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REPORTING · 27th August 2012
Walter McFarlane
Stewart Bors and Rollie Sarabun with Kitimat Iron have put together a shelter at the fishing spot for people with disabilities. Their work was recognised on Thursday, August 23rd.

“In 2011, I was asked to rebuild the handrail here. When I came down to look at it with Martin [Gould], all that it was handrail in the middle of the sand field and I thought: “the poor people who can’t get out to enjoy other parts of the river, they don’t have much here so I ran the idea past martin of building a little shelter like this and I donate as much of the material and labour as I could,” said Bors.

The District came up with a little bit of money for the components of the shelter as well as the concrete. Sarabun did all of the concrete work and Justin Bors, the son of Stewart Bors helped with carpentry and moving dirt around with a mini excavator.

Rene’ Jenster, who was representing the Advisory Commission for Persons With Disabilities stated he was happy to see a shelter built by the river.

“This area was started originally back in the late 80’s by Graham Anderson and Joe Iannarelli brought it to fruition and it just needed some updating and that’s where we’re at today,” said Martin Gould, head of Kitimat Leisure Services.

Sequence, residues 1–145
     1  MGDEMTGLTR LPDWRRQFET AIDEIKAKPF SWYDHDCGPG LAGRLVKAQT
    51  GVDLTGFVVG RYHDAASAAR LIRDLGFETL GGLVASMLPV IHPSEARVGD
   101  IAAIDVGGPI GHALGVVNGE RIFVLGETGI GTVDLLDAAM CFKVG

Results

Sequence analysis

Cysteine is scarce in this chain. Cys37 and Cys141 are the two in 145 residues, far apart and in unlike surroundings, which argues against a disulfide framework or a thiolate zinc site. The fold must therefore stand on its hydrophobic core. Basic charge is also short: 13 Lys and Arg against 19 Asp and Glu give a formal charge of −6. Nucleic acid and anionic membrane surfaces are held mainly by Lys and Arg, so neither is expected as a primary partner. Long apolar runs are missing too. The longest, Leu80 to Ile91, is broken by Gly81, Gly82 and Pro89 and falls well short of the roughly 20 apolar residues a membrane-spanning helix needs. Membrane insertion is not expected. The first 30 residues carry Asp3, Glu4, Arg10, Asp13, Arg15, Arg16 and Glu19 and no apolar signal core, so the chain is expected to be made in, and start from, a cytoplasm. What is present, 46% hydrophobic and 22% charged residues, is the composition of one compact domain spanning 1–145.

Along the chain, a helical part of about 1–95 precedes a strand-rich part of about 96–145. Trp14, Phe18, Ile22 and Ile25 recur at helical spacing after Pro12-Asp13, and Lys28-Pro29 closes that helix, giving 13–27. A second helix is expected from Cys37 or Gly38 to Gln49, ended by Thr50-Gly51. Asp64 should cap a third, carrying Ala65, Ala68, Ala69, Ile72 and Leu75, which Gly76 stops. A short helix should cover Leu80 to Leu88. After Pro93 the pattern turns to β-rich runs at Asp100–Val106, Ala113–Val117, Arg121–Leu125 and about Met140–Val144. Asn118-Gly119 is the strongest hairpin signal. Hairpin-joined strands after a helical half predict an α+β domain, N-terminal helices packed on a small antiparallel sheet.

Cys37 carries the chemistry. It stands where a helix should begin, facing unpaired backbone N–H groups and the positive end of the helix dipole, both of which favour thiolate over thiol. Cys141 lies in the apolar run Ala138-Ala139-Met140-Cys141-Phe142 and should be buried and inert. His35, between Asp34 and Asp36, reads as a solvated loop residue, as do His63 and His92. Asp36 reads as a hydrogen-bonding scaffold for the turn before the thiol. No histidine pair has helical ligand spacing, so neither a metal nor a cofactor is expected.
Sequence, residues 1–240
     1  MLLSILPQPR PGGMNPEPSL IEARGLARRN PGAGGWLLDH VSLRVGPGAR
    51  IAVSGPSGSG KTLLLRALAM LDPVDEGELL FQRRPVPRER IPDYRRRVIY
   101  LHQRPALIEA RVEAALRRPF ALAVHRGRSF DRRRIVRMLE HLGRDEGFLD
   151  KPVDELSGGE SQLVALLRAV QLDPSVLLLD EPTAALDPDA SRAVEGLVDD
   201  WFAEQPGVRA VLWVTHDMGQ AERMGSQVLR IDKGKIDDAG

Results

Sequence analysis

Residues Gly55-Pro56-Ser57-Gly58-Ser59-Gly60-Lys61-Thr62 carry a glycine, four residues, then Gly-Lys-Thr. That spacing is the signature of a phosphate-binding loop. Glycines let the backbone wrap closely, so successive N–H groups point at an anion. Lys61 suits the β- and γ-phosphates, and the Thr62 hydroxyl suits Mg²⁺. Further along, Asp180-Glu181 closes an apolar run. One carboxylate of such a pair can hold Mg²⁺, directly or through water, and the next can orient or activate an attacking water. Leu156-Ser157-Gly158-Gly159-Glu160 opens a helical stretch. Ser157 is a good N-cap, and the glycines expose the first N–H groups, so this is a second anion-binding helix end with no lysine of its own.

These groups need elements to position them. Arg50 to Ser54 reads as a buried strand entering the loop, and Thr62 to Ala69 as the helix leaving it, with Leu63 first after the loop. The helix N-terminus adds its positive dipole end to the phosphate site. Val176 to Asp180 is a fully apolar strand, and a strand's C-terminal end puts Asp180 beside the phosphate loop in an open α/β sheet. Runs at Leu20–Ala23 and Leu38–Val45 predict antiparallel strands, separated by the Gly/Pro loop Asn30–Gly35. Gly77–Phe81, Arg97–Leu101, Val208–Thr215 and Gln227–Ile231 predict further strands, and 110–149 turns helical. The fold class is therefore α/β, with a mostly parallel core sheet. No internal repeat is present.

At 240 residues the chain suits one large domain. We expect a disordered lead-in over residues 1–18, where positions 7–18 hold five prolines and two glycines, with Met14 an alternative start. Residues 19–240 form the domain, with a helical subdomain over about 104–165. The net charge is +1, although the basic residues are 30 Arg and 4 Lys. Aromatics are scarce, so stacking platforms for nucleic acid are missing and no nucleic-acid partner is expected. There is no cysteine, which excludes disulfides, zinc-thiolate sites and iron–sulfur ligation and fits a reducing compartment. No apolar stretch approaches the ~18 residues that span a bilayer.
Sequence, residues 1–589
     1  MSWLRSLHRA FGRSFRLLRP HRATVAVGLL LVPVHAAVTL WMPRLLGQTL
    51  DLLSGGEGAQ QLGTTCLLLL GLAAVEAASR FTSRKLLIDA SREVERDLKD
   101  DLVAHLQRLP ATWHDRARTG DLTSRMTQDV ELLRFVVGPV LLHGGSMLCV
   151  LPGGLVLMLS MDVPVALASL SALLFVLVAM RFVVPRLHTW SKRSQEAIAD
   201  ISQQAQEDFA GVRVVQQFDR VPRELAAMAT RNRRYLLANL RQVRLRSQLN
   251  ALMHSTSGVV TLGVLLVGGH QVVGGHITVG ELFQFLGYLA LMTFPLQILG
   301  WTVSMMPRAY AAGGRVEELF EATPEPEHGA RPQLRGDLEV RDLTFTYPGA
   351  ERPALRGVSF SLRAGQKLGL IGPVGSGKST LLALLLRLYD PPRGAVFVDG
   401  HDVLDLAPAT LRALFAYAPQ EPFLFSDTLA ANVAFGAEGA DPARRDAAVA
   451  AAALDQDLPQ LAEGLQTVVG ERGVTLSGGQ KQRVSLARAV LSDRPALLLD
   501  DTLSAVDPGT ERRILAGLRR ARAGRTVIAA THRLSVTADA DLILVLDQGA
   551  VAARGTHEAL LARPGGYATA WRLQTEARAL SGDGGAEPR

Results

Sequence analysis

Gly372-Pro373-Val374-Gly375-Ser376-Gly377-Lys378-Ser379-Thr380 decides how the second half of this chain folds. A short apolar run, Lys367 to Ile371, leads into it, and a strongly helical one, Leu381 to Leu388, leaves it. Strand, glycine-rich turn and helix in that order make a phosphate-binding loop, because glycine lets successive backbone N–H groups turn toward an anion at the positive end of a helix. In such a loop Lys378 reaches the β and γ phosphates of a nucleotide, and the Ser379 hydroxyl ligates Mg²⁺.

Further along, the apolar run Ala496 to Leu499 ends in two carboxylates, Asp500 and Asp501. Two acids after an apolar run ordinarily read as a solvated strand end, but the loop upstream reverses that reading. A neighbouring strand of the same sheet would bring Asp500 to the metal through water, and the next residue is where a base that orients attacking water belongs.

Both Bors and Sarabun commented there were people fishing all the time while they were working and were witnesses to quite a few catches of the day.

According to Gould, the disabled fishing area is used by 2-3 people a day through out the summer. When many fish come down the river, the area is busy every day. Gould stated Kitimat is one of the few communities to have a dedicated area for people with disabilities to come and fish.

“This is a good little project, it is a nice little project for Kitimat Iron to give back to the community because the communities given so much back to us over the 50 years we’ve been in business so here’s a nice little building that will get a lot of years of use,” said Bors.

“Stewart and myself, we both feel that the senior citizens and the disabled need the options like this and the opportunities to make it more convenient and hopefully in the future, we can do more projects like this. I know I would be willing and I know Stewart would,” said Sarabun.

Gould suggested the future for this site might include an accessible outhouse/port-a-potty.